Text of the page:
Russians were also the first to find anyone left alive in these places, and to liberate the lucky few who managed to survive the concentration camps.
What humanity learned in those first days- at the close of World War II, when it became all too clear that even the worst rumors about Hitler’s regime didn’t begin to describe the horrors experienced in these camps- must never be forgotten.
The stories the survivors told the liberating armies described hellish scenes; man’s inhumanity to man. What the Russian soldiers, and later other Allied soldiers, found at these camps confirmed the stories.
What will the world find when the borders of North Korea are finally opened?
The prison camps currently being run by Kim Jong Un can be viewed from space at this very moment thanks to technology like Google Earth. We have a fairly good idea about what goes on inside these modern-day concentration camps, too; crimes against humanity.
The people of North Korea are suffering. The people of the Korean Peninsula and suffering. With them, the world suffers.
Advocating that Michael Jordan be made the U.S. goodwill ambassador to North Korea may seem like a silly idea. But it is not as silly as the idea that the death of Otto Warmbier should prevent world powers- yes, including the U.S. and Donald Trump- from reaching out the hand of diplomacy to North Korea.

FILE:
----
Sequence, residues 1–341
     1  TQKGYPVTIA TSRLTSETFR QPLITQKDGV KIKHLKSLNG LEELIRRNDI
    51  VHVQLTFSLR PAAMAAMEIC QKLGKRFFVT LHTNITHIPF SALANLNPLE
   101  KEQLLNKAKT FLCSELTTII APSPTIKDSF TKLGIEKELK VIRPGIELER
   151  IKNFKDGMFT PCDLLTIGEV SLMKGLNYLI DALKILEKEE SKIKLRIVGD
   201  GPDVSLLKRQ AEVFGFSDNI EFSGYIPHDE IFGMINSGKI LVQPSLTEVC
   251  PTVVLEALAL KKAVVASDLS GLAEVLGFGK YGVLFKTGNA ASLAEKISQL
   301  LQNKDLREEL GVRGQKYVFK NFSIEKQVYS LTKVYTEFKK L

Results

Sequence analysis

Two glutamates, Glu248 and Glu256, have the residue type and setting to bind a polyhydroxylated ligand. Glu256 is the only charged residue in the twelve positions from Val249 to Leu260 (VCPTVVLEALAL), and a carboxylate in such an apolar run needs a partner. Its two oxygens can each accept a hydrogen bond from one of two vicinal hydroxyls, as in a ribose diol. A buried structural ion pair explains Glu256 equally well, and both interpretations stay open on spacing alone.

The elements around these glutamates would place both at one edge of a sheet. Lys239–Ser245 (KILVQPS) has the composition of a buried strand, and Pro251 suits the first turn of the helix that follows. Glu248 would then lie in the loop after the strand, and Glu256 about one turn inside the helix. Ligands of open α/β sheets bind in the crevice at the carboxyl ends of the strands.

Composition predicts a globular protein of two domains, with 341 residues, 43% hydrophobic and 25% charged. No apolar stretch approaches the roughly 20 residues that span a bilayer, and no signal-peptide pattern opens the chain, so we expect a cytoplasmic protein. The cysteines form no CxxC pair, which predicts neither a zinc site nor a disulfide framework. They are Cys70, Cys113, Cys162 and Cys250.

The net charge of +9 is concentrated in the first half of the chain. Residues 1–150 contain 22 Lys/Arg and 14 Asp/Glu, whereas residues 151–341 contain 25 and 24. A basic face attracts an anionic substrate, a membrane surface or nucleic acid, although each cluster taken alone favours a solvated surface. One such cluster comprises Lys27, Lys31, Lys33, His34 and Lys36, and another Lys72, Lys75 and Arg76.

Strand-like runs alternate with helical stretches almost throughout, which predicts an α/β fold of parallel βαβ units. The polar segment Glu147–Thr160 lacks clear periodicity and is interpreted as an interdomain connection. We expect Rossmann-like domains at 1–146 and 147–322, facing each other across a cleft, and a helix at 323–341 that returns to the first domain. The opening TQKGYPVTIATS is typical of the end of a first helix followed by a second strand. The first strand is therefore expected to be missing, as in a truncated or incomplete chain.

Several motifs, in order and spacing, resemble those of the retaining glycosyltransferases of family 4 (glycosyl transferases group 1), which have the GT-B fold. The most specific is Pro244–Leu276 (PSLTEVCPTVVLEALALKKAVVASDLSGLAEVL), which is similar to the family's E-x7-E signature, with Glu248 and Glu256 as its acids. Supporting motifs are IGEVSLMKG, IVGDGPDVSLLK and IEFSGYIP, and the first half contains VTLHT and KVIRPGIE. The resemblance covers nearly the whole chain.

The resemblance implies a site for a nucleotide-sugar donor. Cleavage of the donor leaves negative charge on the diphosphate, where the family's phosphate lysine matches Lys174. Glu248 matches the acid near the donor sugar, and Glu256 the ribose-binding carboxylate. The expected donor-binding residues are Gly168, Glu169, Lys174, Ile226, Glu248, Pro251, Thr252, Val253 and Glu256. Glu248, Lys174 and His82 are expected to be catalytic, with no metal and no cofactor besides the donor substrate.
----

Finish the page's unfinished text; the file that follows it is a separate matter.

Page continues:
This mass suffering must not be allowed to continue.
It is only through dealing with Kim Jong Un that international authorities, including humanitarian aid foundations, can help the people of North Korea.
Kim Jong Un won’t live forever, if indeed he is still alive. When he does die, the regime change may or may not improve the lives of ordinary people living on Korean Peninsula.
So, in the interest of World Peace; Michael Jordan, Dennis Rodman and Scottie Pippen should form a new dream team- one to reform the dictatorship in North Korea and make the world a safer place for everyone.
(contributing writer, Brooke Bell)